Dog DNA Helped Solve Case Of Illinois Woman Whose Body Was Found Dismembered In Lake
23-year-old Karyn Hearn Slover, the mother of a 3-year-old son, was about to move out of state to pursue modeling when she was murdered.
A young mother in Illinois hoping to begin a modeling career was brutally murdered shortly before she was set to leave for Georgia, and it took six years for her killers to be brought to justice.
On Sept. 27, 1996, Karyn Hearn Slover borrowed her new boyfriend David Swann’s Pontiac Bonneville so she could pick up her 3-year-old son Kolten from the Mount Zion home of his paternal grandparents, Michael Sr. and Jeannette Slover.
The couple said 23-year-old Karyn never showed up and the vehicle was located shortly before 10 p.m. that evening on the side of a highway outside Champaign. The engine was running and a purse and half-eaten candy bar were inside.
Two days later, body parts and chunks of concrete were found in garbage bags on the shores of Lake Shelbyville. Investigators used dental records to identify the victim as Karyn and determined she had been shot multiple times in the head and her body dismembered with a power tool.
Investigators initially focused on Karyn’s ex-husband, Michael Jr., since he reportedly had a history of violence during their marriage. His alibi, however, checked out. The day Karyn went missing, a colleague at the grocery store where Michael Jr. had a job as a security officer verified seeing him. He then taught a karate lesson and went to work his second job as a bouncer at a local tavern.
Investigators also ruled out Karyn’s boyfriend, Swann, as her killer after verifying he was at a rehearsal dinner for a wedding he and Karyn were to attend the next day. Surveillance video confirmed he stopped to get money at an ATM during a critical 45-minute period of the evening police believed Karyn was murdered.
The paternal grandparents of Karyn and Michael Jr.’s toddler, Kolten, then became the focus of the investigation. The Illinois Times reported Karyn had custody of the child but she was required by the court to leave her son with Michael Sr. and Jeannette while at work.
“One time she said she felt kinda funny bringing Kolten to her ex-in-laws to be babysat every day,” Jeannette told the publication. “I told her not to think of me as an ex-in-law. I told her think of me as Kolten’s grandmother.”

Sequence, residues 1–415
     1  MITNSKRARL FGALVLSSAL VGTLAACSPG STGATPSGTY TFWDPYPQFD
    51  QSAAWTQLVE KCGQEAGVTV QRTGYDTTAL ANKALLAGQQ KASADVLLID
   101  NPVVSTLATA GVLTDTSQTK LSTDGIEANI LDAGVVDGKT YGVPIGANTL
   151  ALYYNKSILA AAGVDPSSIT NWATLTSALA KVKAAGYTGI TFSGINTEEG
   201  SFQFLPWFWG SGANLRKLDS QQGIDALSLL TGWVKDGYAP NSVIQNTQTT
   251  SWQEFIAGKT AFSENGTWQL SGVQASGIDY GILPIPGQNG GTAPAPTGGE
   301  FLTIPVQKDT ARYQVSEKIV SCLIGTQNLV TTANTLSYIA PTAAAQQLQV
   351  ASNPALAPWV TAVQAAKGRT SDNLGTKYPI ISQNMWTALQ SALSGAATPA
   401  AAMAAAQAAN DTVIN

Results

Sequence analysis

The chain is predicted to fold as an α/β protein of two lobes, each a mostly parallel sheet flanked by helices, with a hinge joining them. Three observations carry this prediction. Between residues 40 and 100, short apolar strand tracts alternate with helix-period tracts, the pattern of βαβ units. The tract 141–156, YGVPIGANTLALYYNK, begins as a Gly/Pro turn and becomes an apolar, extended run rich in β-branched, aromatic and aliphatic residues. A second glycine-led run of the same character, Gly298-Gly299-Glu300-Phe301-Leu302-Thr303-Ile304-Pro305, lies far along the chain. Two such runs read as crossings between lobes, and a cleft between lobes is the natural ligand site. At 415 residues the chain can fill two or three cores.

According to the Decatur Herald-Review, an ex-boyfriend of Karyn’s claimed to police that the grandmother was very possessive of Kolten and once told the child that “one day you’ll be all mine.”
Detectives began to compile evidence against Kolten’s grandparents and came to believe that the couple lured Karyn to her death, The Illinois Times reported.
Though police never found blood evidence tying the couple or their son to the case, detectives determined concrete and cinder remnants found in the plastic bags containing Karyn’s body likely came from Miracle Motors, a used-car lot Michael Sr. and Jeannette owned.
Investigators also found on the property rivets and a metal button they said matched one from the victim’s jeans as well as a fabric button that may have come from her blouse.
A murder weapon or a power saw was never located.
Perhaps most damaging to the defense, investigators reportedly traced DNA from a dog hair found stuck to tape securing one of the plastic bags found in the lake back to a black Labrador Michael Sr. and Jeannette owned.
Authorities arrested the pair in January 2000 and charged them with first-degree murder. The couple’s son, Karyn’s ex-husband, Michael Jr., was also taken into custody and faced the same charge.
During trial, prosecutors alleged Jeannette and Michael Sr. killed Karyn, dismembered her body at the car lot and then disposed of the remains — all with some help from Michael Jr. The three all denied their involvement in the crime.
According to reports, Karyn was on the verge of moving to Georgia to pursue a modeling career when she died. Prosecutors claimed Michael Sr. and Jeannette were concerned she would take Kolten away from them so they carried out the gruesome crime in order to win custody of the boy after his mother was out of the picture.
A jury in the largely circumstantial case convicted the three Slovers of first-degree murder in 2002 and a judge sentenced each to 60 years behind bars. Michael Sr. and his son both received an additional five years for concealment of a homicide.
A court eventually granted Larry and Donna Hearn — Kolten’s maternal grandparents — custody of the boy.
Jeannette, 72, and Michael Jr., 50, are currently incarcerated in prisons in Illinois. Michael Sr. reportedly died at age 74 in June 2022.
Despite the convictions, Jeannette and Michael Sr.’s daughter insisted in a 2005 interview that her family had nothing to do with Karyn’s death.
“They didn’t do it — but there’s someone out there who did,” Mary Slover said. “Part of what’s so horrible about this isn’t just that they destroyed my family, it’s that someone got away with doing this to Karyn.”